[00:26:18] The person underneath is worried about feeling naive, and they want this person to trust them that they've got their job completely under control. I got this, don't worry about it. I got it under control. So showing some level of vulnerability is scary. 

[00:26:35] The person on top doesn't want the person underneath to think that this person, you know, ever didn't know how to do their job. Right? So, both sides have to do a very delicate dance of, ‘Hey, no, it's cool. Come to me. We'll talk about this. We'll make it work.’ 

And both sides have to do that. If you are stuck in a scenario where you've got somebody who refuses to let you in, I have found that you can shake that tree loose with an honest question about, ‘Hey, I'm trying to get your opinion on this thing.’

[00:27:08] How come I can't get you to give me a real honest answer on that or push back. Hey, are you sure? That's the way you really would do that? In many cases, that will shake the person on top enough to have a meaningful conversation. Now I will be honest with you.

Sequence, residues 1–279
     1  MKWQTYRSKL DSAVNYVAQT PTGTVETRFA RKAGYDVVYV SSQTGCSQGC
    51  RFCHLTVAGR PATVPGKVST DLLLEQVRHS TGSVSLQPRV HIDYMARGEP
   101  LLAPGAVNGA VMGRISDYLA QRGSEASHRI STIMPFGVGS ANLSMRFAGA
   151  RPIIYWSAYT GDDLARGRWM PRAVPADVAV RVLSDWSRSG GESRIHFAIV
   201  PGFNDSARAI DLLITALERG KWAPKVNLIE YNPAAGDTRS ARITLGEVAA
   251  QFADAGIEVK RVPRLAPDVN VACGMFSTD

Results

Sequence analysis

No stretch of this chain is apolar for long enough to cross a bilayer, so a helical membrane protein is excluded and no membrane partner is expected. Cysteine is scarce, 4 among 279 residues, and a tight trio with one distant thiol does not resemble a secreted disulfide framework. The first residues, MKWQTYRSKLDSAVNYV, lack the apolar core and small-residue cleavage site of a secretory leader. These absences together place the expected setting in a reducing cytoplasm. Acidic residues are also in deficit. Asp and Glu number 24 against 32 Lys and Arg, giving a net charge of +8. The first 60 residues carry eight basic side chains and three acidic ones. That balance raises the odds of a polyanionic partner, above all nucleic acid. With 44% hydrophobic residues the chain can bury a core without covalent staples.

[00:27:30] Some percentage 5, 10, 20% of senior leaders just have that defensive wall up, and it will never come down and you just end up having to need to turn to somebody else, either a peer or an outside person or whatever, and you can't get past that wall of vulnerability or whatever you wanna call it.

Does that make any sense? 

Josh Jeans: That definitely does. I like that you say, it's appropriate to kind of put somebody back on their heels, not in an aggressive way, but just to say, ‘Hey, I can tell that this is kind of like a rehearsed answer. And I'm really trying to actually learn from you, I know you're a person, so I know you've screwed this up before.

[00:28:20] Like, give me the real advice, tell me about when you know, this fell apart before cuz I don't need the rehearsed polished answer. I'm not trying to take your job today. I'm trying to learn from you.’

Chris Williams: Right. And I think one of the things that happens is it's often a game of chicken. It's often a game of who's gonna be vulnerable first.